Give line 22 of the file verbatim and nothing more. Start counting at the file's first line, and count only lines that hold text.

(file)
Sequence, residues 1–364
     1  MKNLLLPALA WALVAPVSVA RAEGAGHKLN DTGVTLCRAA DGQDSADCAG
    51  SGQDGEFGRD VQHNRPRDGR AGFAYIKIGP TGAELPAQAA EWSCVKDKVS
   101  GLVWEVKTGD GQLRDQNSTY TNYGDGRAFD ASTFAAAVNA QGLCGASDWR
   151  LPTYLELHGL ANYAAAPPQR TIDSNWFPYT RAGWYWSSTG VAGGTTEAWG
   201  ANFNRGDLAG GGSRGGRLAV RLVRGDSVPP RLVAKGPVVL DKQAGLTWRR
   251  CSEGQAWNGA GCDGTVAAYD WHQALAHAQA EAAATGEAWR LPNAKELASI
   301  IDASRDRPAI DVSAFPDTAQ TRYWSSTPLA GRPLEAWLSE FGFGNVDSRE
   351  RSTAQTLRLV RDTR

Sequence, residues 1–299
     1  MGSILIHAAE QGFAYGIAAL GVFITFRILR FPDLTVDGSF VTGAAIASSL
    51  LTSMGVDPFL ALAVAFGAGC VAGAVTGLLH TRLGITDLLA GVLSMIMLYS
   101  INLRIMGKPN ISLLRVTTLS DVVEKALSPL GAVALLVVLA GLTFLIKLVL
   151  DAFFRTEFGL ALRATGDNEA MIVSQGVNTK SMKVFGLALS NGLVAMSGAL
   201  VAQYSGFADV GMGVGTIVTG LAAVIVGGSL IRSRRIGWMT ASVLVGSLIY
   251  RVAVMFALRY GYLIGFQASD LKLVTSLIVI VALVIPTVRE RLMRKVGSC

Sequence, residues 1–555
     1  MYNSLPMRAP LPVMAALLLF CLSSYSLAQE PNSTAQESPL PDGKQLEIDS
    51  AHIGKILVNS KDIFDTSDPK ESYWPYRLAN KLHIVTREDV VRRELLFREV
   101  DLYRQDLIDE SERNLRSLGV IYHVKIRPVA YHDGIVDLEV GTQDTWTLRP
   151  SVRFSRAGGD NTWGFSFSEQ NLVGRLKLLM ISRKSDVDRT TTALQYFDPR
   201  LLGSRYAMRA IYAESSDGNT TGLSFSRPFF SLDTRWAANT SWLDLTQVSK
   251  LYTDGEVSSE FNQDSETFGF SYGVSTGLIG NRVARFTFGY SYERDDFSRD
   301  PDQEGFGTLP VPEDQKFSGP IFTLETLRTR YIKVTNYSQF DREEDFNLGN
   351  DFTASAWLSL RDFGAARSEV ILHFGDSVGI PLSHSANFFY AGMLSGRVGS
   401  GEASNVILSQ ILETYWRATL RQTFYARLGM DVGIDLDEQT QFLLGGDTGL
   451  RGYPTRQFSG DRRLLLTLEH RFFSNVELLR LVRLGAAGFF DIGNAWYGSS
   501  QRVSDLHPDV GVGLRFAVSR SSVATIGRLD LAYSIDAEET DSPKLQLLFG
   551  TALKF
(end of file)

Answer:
   201  LLGSRYAMRA IYAESSDGNT TGLSFSRPFF SLDTRWAANT SWLDLTQVSK